Caribbean Corridor Strike Force Dismantles Drug Trafficking Organization Responsible for Transporting Drugs and Money Between Puerto Rico-Culebra-St. Thomas
|U.S. Attorney’s Office April 01, 2014|
SAN JUAN—This morning, the Caribbean Corridor Strike Force (CCSF) dismantled a drug trafficking organization responsible for the importation of multi-kilogram quantities of cocaine into Puerto Rico and the transportation of drug money between Puerto Rico-Culebra-St. Thomas, announced United States Attorney Rosa Emilia Rodríguez-Vélez today.
On March 27, 2014, a federal grand jury returned a five-count indictment charging David Pina-Lico, aka El Negro; Alexis Acosta-Monell, aka Pulpo; Johnathan Saldaña-Garcia; Victor Cruz-Resto, aka Pulga; Charlie Martinez-Pimentel, aka Pajarito; Noel Rodriguez-Lopez, aka Gordo, aka Gordo Gurabo; and Israel Adorno-Perez, aka Rafita, aka Gafita, with participating in a conspiracy to import controlled substances; conspiracy to possess controlled substances, namely cocaine; conspiracy to launder monetary instruments; and money laundering.
The investigation leading to today’s arrests uncovered that members of this organization would take orders from individuals in Puerto Rico interested in purchasing kilogram quantities of cocaine in St. Thomas. The organization would receive the money for the payment of the narcotics from the buyers in Puerto Rico and would coordinate the delivery of the money to the sellers in St. Thomas. Once the money arrived to St Thomas, the organization would arrange for the smuggling of the narcotics into Puerto Rico. The organization coordinated the movement of drugs and money in phases: the money was first moved from the east coast of Puerto Rico to Culebra, either in motor vessels or via the ferry; once the money arrived to Culebra, it was then transported to St. Thomas in motor vessels. The drugs were smuggled into Puerto Rico using the same system, from St. Thomas to Culebra and then to Puerto Rico.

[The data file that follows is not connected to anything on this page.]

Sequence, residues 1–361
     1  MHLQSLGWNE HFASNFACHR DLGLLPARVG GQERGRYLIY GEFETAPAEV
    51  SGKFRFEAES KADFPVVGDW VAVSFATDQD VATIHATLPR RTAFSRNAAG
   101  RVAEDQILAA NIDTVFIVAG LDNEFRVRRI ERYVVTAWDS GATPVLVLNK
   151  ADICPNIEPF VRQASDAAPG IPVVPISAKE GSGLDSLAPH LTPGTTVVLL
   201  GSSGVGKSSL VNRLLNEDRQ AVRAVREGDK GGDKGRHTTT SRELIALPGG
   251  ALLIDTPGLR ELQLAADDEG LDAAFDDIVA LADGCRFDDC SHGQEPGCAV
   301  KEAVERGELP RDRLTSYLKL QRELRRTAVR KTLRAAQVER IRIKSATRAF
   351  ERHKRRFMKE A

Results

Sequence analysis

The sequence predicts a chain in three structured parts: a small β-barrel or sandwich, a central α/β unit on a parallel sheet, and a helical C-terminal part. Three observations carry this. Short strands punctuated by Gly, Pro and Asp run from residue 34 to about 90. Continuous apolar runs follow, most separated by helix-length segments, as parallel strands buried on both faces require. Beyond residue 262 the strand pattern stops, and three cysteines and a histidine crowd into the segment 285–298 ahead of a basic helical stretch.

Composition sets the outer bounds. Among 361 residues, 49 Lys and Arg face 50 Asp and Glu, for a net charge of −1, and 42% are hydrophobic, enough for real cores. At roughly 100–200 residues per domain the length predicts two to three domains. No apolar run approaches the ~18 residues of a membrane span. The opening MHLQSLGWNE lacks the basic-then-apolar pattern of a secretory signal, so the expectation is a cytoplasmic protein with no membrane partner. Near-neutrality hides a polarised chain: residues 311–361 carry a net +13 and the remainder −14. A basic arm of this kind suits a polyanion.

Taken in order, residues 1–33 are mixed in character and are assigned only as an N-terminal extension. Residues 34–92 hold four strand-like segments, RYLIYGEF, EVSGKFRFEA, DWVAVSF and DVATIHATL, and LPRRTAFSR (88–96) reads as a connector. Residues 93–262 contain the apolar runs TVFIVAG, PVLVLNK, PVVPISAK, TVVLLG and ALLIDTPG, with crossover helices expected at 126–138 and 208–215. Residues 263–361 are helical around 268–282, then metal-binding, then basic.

The indictment includes a forfeiture allegation for the proceeds obtained as a result of the organization’s illegal activities, the motor vessels that were used during the smuggling operations, and a vehicle.
“These arrests are a clear indication of the success of the Caribbean Corridor Strike Force in the fight against drug trafficking. Today’s arrests dismantles an organization that coordinated not only the traffic of drugs within the eastern Caribbean but also the movement of drug money, essential to the success of these illegal activities,” said Rosa Emilia Rodríguez-Vélez, U.S. Attorney for the District of Puerto Rico. “We will continue maximizing all of our combined resources to investigate and prosecute those who disregard our laws and try to smuggle illegal contraband into our jurisdiction.”
“The DEA Caribbean Division will continue its effort to fight the drug trafficking organizations who continue to utilize the eastern Caribbean Corridor between Puerto Rico and the U.S. Virgin Islands, using the islands of Culebra and Vieques as transshipment points,” said Vito Salvatore Guarino, Special Agent in Charge of the DEA Caribbean Division. “These arrests are one more example that the Caribbean Corridor Strike Force continues to prove its value as an effective tool to coordinate multi-agency efforts to disrupt and stop the flow of drugs between Puerto Rico and the U.S. Virgin Islands via Culebra and Vieques.”
“These arrests are proof that Homeland Security Investigations remains vigilant and that along with our partners in the Caribbean Corridor Strike Force will continue using our robust investigative authorities to identify, investigate, and apprehend those involved in drug trafficking,” said Angel M. Melendez, special agent in charge of HSI San Juan. “HSI and our CCSF partners will not tolerate the importation of illegal drugs into the United States through Puerto Rico.”
The case was investigated by agents from the Caribbean Corridor Strike Force (CCSF). The CCSF is an initiative of the U.S. Attorney’s Office created to disrupt and dismantle major drug trafficking organizations operating in the Caribbean. CCSF is part of the Organized Crime Drug Enforcement Task Force (OCDETF) that investigates South American-based drug trafficking organizations responsible for the movement of multi-kilogram quantities of narcotics using the Caribbean as a transshipment point for further distribution to the United States. The initiative is composed of DEA, HSI, FBI, U.S. Coast Guard, U.S. Attorney Office for the District of Puerto Rico, and PRPD’s Joint Forces for Rapid Action.
The case is being prosecuted by Assistant United States Attorney Carlos R. Cardona.
The defendants are facing terms of imprisonment from 10 years to life for the narcotics violations and up to 20 years for the money laundering violations. Criminal indictments are only charges and not evidence of guilt. A defendant is presumed to be innocent until and unless proven guilty.